EPG report likely after political stability in Nepal: Ashok Mehta, Indian Army Maj. Gen. (Retd.)

Dr. Pramod Jaiswal

August 30, 2021


EPG report likely after political stability in Nepal: Ashok Mehta, Indian Army Maj. Gen. (Retd.)

Ashok Kumar Mehta is a retired Major General of the Indian Army. He writes extensively on defense matters and previously anchored Defence Watch on Doordarshan, the national television of India.

Maj. Gen Ashok Kumar Mehta is an expert on Nepal-India relations and is also a member of the India-Nepal Track II Dialogue. He is a Military commentator and has spoken and published his works across different platforms.

From the Gorkha regiment, he has also explored Nepal since 1959, walking nearly 50,000 km over the years. He has also been involved in track-I and II diplomacy with Nepal, and can speak fluent Nepali language.

Dr. Pramod Jaiswal, Strategic Affairs Editor at Khabarhub, spoke to Maj. Gen. Ashok Kumar Mehta on various aspects of Nepal-India relations.

What does the new Nepali Congress government led by Sher Bahadur Deuba mean for India? How does India plan to engage with the new government?

Any government will deal with its counterpart in another country, so India will deal with the newly elected government in Nepal. India has had excellent relations with Nepal.

Nepal is the most important country as far as India is concerned in the subcontinent. India has no favorites, India has only its national interest like Nepal does.

So India works towards its national interest and in consonance with certain values, democratic values, values of freedom and liberal democracy.

Therefore, the change of government after a long period of instability in Nepal was welcomed in India and Prime Minister Modi had called Sher Bahadur Deuba on his election as the Prime Minister for the fifth time. 

Other than limiting China’s influence in Nepal, at the moment, what may be India’s priorities in Nepal?

India’s number one priority when it comes to Nepal, obviously at this time of the COVID19 pandemic, is to ensure that Nepal is free [of COVID19] as soon as possible under the present conditions of the pandemic.

Prime Minister Narendra Modi had held his first conference in 2020 between the SAARC countries on COVID19. India has tried to help Nepal in terms of equipment from the government to the government level.

Likewise, there is also a separate channel of government to the Nepal Army, as the India and Nepal army share a unique and very special relationship, so there is a channel that deals with this.

Overall, the priority is to assist Nepal in combating the COVID-19 epidemic. Unfortunately, in the last six to eight months, India has not been able to help with vaccines because of the shortages in India itself.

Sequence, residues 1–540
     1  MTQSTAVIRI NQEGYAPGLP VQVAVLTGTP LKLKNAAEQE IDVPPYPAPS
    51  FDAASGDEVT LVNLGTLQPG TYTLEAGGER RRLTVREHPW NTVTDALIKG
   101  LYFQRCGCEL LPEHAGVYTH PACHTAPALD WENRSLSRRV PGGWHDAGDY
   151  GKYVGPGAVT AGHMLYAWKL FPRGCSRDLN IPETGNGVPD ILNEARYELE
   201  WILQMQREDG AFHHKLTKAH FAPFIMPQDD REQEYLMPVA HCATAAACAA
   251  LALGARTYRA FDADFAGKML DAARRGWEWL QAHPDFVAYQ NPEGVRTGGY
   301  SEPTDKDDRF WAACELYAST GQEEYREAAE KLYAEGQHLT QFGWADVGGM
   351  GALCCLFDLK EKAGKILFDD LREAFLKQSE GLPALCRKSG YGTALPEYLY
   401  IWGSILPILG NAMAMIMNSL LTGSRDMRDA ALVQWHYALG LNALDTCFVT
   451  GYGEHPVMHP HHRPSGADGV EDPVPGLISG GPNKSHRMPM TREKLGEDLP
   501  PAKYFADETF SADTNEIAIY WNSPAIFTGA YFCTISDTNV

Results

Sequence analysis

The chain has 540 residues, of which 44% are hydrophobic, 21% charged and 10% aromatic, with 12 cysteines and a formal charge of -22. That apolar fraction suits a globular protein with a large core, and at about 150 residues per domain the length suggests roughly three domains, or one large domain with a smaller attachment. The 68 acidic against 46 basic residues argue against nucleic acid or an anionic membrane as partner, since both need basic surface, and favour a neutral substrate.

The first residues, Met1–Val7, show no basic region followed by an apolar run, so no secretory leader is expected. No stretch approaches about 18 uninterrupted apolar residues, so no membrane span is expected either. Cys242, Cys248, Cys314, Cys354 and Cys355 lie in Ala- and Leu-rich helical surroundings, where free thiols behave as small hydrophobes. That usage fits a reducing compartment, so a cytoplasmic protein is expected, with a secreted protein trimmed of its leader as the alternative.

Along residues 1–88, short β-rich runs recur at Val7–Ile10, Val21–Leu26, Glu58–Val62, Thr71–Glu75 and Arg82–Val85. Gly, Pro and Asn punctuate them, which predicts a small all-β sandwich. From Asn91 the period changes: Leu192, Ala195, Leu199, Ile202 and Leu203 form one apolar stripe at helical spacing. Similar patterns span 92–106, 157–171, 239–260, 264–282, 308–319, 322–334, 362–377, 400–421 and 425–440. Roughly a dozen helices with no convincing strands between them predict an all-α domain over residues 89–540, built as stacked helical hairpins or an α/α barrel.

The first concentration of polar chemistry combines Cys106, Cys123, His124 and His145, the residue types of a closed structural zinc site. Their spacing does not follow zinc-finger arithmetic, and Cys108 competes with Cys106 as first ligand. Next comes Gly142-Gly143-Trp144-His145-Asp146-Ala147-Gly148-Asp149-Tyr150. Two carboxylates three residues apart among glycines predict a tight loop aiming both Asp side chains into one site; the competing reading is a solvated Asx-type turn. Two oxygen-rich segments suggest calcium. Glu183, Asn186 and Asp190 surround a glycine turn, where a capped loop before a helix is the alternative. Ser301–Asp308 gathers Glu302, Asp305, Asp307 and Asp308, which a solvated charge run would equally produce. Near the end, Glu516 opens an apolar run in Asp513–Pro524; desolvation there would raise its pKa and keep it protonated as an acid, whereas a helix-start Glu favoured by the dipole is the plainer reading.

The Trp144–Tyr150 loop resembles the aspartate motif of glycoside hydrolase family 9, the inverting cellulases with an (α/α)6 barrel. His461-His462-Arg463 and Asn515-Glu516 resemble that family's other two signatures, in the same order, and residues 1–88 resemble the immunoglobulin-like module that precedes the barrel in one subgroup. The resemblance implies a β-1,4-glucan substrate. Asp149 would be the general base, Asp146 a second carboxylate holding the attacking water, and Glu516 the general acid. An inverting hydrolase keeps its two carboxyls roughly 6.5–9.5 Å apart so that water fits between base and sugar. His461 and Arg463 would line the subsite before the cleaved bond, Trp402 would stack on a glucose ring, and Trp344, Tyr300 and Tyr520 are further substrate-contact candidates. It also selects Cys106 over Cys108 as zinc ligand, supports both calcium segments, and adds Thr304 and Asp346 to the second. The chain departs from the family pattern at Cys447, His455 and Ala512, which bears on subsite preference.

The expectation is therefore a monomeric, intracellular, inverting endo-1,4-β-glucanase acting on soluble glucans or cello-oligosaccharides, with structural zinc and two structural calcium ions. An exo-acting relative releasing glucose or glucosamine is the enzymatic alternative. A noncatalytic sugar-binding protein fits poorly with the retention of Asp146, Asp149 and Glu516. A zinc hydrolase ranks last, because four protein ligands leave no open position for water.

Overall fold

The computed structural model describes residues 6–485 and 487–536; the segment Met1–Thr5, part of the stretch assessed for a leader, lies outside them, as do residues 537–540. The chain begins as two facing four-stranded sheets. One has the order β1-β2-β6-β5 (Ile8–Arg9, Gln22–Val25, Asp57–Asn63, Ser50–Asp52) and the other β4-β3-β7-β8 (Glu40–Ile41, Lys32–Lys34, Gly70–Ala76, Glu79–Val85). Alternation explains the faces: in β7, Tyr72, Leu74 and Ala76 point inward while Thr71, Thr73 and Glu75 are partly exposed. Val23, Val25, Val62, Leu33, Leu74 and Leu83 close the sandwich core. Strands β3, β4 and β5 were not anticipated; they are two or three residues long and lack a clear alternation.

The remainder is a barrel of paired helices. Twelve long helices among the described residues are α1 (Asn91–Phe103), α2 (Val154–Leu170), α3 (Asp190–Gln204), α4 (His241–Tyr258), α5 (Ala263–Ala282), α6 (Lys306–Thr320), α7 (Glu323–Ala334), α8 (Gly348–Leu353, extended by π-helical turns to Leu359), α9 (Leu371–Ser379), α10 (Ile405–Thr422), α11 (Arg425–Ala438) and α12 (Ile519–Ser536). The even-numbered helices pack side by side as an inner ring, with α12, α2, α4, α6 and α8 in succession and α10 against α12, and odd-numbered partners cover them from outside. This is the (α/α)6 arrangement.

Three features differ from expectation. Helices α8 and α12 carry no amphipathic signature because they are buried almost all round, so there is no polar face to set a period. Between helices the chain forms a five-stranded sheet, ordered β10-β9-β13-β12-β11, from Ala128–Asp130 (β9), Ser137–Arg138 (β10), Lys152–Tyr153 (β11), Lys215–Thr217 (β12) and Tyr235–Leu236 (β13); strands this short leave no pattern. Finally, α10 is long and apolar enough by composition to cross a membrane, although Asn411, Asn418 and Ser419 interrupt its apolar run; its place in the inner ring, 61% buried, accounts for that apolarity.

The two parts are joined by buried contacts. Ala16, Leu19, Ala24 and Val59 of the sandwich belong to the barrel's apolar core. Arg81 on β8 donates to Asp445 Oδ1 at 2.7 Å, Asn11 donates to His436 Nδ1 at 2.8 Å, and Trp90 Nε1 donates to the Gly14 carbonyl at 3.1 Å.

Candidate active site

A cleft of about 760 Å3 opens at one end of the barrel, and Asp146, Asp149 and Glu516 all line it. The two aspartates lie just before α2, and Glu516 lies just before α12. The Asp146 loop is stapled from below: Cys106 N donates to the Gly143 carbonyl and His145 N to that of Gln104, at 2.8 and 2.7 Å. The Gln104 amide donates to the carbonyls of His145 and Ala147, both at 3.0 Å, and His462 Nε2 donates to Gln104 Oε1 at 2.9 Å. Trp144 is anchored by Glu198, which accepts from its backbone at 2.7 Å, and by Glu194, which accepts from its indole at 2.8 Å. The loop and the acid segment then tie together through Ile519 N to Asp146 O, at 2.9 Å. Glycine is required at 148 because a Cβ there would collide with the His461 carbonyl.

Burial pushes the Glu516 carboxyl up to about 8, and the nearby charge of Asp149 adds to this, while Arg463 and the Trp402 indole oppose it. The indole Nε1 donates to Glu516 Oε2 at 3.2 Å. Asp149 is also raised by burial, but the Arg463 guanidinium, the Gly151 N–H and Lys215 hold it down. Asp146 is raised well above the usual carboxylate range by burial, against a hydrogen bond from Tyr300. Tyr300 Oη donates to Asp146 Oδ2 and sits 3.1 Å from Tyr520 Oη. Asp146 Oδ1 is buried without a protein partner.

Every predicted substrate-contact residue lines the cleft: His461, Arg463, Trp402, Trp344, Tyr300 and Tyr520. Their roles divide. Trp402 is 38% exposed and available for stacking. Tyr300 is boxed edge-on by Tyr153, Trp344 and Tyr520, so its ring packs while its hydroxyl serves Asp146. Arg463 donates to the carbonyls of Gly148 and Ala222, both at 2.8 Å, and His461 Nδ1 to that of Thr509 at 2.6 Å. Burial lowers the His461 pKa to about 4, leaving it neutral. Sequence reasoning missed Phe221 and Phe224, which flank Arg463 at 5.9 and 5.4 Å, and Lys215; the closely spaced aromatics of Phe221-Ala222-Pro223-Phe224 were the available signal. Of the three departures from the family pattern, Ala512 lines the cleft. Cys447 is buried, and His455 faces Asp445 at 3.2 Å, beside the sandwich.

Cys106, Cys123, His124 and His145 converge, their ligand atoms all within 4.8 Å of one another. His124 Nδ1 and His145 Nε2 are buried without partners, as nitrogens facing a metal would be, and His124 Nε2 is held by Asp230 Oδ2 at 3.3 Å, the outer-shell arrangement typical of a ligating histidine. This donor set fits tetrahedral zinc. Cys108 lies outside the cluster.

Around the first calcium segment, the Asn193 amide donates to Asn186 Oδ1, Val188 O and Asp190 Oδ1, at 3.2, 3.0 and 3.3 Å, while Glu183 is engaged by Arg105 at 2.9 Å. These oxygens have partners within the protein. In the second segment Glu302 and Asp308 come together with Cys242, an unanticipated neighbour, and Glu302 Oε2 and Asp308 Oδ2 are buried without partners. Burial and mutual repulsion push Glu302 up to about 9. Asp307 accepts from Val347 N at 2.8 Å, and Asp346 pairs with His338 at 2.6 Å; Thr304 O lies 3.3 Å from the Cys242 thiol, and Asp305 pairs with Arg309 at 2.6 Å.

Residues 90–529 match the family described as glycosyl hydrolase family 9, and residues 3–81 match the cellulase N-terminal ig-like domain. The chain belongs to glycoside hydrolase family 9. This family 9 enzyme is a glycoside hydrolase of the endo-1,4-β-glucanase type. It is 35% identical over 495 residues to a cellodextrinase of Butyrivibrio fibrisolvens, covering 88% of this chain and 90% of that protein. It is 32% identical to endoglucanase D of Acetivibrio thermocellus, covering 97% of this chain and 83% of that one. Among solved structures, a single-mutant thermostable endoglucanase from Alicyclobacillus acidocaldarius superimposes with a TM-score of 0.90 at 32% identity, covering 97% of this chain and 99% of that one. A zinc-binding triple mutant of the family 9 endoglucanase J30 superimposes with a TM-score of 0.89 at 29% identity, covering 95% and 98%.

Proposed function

India has been unable to keep its promises to other countries because it was swarmed by the deadly second wave which is just about now receding. So, contrary to its intentions, it was unable to meet its commitments on providing vaccines to Nepal.

However, as soon as the situation improves that deficiency will be managed. The other priority is the economic development of Nepal.

The economic development of Nepal flows from its political stability. We hope now that the internal power struggle has come to an end, there will be political stability, prosperity and economic development, and India alongside will fast track its development projects in Nepal.

Thus, the number two priority for India is to help Nepal boost its economy by helping it through aid and economic system projects, which were not moving as far as necessary.

There is a perception in Nepal that towards the end of his tenure, KP Sharma Oli had taken India into confidence to sustain in power. Had Oli resolved his differences after the high-level visits from India to Kathmandu in 2020?

Well, I think it’s the other way round. It’s India that took the initiative, India sent its RAW Chief to Nepal followed by the Army Chief and the meeting between the Ambassadors, the conversations between K.P Sharma Oli and Prime Minister Modi.

So, the initiative was largely taken by India to improve relations between the two countries. Prime Minister Oli does not have a very favorable track record in the Indian copybooks because of the Kalapani issue and for resorting to ultra-nationalism on the basis of constitutional issues and economic blockade.

After the Kalapani issue, there were a number of anti-India issues about what India was doing. And finally, Prime Minister Oli got the constitutional amendment on the new map of Nepal.

But overall, the matters have not been resolved. The Kalapani issue has not been resolved. There has been no foreign secretary-level dialogue that should have taken place.

Other issues, smaller in relation to the border issue, should also have been resolved. But due to the COVID-19 pandemic and the political instability in Nepal, none of that has happened.

I do believe now that the situation is different and there is considerable political stability and some of these issues may begin to be discussed at various levels including from Government to Government. 

It’s been more than three years since EPG finalized a joint report with recommendations aimed at redefining the Nepal- India bilateral ties. However, the group hasn’t been able to present its report to the prime ministers of both countries. It has created lots of noise in Kathmandu. Where does the contention lie?